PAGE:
Bora artisan Camila and grand-daughter. Photo by C. Plowden/CACE

Bora artisan Camila and grand-daughter. Photo by C. Plowden/CACE





amazonecology
amazonecology

Author



Also in News

Amazon crafts coming to Great Blue Heron; volunteers needed...

by Center for Amazon Community Ecology June 26, 2017

Amazon crafts coming to Great Blue Heron; volunteers needed http://p0.vresp.com/MvDldF #vr4smallbiz

Amazon crafts coming to Great Blue Heron; volunteers needed
hosted-p0.vresp.com

Continue Reading →

Welcome to ROMP fest. Thanks to many people who helped set up our first nig...

by Center for Amazon Community Ecology June 22, 2017

Welcome to ROMP fest. Thanks to many people who helped set up our first nig booth .Haddon, Lauren, Ty and his mom Alice, Morgan, Tessa and her sister Meghan. Morning girl and dad and Tessa were first to do rainforest puzzle. Come on ny to shop for fair trade crafts and fun.

Continue Reading →

Please join our Amazon roadshow this September at the Rhythm and Roots Festival...

by Center for Amazon Community Ecology June 08, 2017

Please join our Amazon roadshow this September at the Rhythm and Roots Festival at Ninigret Park for three days of music and fun. CACE will have a big booth to sell our innovative fair-trade handicrafts made by our partner artisans from Peru and offer visitors a rich interactive educational experience of the Amazon rainforest and its people.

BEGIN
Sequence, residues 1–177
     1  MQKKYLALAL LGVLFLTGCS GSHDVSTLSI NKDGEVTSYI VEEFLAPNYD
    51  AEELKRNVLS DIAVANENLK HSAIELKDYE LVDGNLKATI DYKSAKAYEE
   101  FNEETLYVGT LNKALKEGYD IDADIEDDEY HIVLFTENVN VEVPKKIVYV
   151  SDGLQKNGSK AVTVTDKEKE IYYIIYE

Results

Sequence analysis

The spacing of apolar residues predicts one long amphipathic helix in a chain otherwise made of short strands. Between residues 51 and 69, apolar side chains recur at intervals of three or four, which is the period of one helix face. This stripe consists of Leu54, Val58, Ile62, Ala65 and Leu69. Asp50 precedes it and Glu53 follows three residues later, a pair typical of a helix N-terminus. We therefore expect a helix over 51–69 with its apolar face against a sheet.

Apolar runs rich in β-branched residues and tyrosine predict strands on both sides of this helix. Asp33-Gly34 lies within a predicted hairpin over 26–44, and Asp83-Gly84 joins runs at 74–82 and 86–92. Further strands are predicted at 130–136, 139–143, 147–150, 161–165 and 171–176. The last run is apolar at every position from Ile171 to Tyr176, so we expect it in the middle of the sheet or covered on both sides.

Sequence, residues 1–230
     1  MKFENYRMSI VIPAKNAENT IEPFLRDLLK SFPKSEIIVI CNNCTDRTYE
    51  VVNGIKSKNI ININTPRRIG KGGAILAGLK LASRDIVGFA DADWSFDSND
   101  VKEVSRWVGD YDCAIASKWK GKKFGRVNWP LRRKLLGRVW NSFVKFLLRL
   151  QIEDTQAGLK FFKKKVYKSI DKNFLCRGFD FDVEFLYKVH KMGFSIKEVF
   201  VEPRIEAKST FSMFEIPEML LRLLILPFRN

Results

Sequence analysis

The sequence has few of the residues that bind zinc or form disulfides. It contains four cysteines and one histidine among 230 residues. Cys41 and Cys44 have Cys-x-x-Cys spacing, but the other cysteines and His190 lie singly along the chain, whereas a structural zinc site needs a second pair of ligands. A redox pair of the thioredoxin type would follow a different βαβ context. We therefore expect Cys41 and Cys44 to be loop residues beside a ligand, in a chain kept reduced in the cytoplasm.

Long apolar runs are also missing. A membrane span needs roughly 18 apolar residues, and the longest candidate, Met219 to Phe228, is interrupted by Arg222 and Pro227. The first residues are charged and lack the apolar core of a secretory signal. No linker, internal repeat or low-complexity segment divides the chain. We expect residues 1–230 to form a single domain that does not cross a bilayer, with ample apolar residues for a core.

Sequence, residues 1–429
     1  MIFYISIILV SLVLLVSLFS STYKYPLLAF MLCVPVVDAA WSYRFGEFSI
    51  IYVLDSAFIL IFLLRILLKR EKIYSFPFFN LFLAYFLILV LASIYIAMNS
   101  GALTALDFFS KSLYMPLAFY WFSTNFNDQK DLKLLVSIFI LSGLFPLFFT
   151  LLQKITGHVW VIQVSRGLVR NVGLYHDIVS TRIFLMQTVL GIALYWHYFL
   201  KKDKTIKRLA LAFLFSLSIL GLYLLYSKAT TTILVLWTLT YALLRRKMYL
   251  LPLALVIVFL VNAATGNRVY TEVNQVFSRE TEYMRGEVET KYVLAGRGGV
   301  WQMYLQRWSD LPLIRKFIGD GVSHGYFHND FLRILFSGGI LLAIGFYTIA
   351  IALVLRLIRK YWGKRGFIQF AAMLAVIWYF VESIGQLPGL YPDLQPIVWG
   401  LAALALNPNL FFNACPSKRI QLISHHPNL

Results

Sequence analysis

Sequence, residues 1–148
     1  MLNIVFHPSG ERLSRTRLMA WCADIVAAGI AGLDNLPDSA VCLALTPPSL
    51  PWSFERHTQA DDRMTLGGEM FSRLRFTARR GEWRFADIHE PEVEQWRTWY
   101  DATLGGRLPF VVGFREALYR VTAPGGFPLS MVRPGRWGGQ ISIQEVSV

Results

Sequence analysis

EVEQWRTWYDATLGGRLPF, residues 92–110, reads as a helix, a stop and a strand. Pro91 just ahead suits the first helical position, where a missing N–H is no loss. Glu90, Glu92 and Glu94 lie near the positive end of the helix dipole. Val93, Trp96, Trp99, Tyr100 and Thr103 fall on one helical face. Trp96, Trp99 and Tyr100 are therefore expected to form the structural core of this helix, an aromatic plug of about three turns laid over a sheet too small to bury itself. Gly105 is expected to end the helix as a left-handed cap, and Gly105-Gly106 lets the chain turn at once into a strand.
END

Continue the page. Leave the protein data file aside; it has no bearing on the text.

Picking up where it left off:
CACE needs a few energetic volunteers to help us set up the booth on Thursday as well to pack up on Sunday night. We would also like to recruit a few Amazon Ambassadors to help us sell crafts and welcome booth visitors to check out our videos and engage with our Amazon education activities during the festival.

We have one or extra free vendor passes to the festival that we can share with volunteers who help us for several days or more. All volunteers who help us for a full day or more will get a 20% discount on merchandise at our booth and a free Amazon Forest Store baseball cap as a gesture of our appreciation.

Continue Reading →